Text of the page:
Our own personal water treatment plant

Our vision for our Eureka Yurts property has always been to keep it small. We’re thinking a total of six to 10 yurts will give visitors a feeling of being immersed in nature and allow us to run it ourselves, with limited staff. On the surface, doesn’t this sound like a reasonable dream? A manageable undertaking? We thought so, too, but now we’ve run into a roadblock: the well.

We knew we’d have to drill a well. What we didn’t know was that it would have to be asemi-public water system. It is our understanding that if more than 25 people will be using it, you must have this level of a system. We’re talking three, 1000-gallon holding tanks plus a well-house! Call us crazy but it was never our dream to develop our own personal water treatment plant.

We’re still learning and trying to determine if this is truly necessary for our property. Not only is it an enormous project in itself, but it requires a large up-front investment that we were not expecting.

Other than scouting a location for the well, we haven’t started the process yet. When we were out there a week ago, we learned that the location selected previously won’t work – it’s too close to the property line.

Once the well location is finalized, we start by paying a pro to drill in three test spots – making sure to drill down below the limestone shelf – and send the three samples to the state for testing. How long will this take? If the samples pass, we can begin drilling the well in earnest.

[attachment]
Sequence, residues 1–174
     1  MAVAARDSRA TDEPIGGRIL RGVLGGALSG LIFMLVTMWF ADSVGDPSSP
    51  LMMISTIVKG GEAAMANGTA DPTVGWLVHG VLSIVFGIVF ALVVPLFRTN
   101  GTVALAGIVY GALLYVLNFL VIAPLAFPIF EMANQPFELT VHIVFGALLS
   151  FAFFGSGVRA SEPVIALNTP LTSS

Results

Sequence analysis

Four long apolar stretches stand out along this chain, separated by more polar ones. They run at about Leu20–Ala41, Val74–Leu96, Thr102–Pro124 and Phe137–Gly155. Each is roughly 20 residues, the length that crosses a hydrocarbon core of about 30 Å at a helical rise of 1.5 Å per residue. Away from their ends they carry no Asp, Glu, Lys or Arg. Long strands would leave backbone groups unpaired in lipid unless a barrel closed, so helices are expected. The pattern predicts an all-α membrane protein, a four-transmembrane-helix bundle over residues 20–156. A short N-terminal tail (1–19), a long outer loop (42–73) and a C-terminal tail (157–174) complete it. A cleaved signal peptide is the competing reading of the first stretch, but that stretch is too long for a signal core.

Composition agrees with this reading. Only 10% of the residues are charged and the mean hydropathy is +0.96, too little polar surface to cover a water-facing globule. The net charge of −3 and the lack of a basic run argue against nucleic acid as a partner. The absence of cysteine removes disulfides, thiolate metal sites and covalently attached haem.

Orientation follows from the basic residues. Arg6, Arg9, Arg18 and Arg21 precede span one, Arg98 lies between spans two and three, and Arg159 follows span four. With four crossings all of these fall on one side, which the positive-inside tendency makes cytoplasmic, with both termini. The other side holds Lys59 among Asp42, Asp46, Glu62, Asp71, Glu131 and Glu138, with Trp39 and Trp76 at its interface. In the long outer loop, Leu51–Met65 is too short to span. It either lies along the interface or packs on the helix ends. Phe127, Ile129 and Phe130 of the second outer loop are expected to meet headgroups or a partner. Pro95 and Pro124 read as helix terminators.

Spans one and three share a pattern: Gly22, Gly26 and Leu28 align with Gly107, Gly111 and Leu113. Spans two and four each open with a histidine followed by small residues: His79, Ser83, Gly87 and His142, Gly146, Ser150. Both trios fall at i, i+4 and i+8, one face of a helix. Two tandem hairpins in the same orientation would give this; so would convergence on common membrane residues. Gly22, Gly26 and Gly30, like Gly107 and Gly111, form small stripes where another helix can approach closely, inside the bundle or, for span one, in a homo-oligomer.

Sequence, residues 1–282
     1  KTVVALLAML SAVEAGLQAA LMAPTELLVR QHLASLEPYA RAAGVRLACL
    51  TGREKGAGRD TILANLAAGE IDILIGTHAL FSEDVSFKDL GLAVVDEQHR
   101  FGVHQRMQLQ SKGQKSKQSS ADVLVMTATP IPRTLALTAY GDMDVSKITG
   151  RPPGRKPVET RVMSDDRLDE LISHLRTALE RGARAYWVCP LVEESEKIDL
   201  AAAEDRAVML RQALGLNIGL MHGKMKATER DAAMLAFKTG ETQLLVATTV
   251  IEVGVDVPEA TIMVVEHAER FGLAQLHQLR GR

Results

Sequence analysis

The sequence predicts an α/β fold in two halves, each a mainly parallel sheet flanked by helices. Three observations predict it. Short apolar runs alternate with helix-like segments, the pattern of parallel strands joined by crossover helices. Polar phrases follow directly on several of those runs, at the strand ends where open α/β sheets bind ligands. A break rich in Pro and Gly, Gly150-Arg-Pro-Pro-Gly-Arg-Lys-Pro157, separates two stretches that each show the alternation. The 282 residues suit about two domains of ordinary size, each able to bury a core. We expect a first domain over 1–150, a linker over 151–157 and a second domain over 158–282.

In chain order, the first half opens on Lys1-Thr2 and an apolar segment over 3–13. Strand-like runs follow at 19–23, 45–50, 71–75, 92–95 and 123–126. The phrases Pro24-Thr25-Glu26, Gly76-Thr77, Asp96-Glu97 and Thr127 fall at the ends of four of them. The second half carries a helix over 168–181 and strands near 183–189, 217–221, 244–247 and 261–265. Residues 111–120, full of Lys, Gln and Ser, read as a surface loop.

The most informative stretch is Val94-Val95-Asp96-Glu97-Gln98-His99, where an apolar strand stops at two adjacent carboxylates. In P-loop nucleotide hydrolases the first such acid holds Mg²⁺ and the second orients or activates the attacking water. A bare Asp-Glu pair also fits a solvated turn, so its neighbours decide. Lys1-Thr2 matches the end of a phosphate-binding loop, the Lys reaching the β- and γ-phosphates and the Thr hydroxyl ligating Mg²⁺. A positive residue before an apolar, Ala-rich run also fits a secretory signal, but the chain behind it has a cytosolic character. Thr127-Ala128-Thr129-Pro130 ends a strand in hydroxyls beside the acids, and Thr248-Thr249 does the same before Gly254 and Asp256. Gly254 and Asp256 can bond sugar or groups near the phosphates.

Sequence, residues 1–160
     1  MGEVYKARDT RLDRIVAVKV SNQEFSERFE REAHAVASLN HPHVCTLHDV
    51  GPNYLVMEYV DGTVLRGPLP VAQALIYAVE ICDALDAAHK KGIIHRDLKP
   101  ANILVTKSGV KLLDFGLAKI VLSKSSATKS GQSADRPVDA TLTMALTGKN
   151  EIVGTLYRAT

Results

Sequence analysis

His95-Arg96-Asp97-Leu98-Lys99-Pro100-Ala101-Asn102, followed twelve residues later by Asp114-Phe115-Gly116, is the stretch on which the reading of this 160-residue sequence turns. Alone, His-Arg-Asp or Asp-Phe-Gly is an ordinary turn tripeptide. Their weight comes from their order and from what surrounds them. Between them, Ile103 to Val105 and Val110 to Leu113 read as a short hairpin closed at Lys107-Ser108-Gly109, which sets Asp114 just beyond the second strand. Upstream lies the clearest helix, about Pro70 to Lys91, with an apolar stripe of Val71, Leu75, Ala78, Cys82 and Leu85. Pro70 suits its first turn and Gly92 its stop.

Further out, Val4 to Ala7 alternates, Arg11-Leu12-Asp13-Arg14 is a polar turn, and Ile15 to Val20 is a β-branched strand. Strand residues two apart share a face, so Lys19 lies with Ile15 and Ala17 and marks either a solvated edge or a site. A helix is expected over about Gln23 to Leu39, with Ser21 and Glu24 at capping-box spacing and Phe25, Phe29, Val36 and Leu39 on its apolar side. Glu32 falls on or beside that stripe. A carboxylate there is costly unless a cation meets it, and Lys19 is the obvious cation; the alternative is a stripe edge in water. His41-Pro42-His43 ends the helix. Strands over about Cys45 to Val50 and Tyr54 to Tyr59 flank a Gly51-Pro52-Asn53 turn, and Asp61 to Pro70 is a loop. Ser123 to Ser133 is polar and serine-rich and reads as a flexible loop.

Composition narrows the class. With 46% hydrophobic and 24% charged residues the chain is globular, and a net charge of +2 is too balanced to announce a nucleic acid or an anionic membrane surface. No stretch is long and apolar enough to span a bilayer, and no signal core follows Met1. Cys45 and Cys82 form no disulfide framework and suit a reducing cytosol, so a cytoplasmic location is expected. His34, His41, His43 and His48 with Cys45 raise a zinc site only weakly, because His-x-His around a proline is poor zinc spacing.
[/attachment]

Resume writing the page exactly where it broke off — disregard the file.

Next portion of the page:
In a way, the slowdown caused by the location is frustrating but it also bought us some more time to investigate. Is a semi-public water system really required for our property?

We see ourselves opening the property with, say, three yurts: one for The Proprietors (us) and two for renting out. It will be completely self-run and very low maintenance so we can keep our customers totally happy while we master all the details of running a great property. If we’re starting small like this, might it be acceptable to drill a personal well? Again, we do plan to grow to six to 10 yurts over time. We’re wondering if it’s possible to drill additional wells over time as the property grows, which would probably add up to the same total cost as the semi-public one, but they could be paid for from the property’s income rather than a huge up-front investment.

We love the area around Eureka Springs. And we love the idea of simple yurt living. We want to ready the property in the least complicated, most cost-effective ways so we can get out there and start helping other people enjoy it, too.

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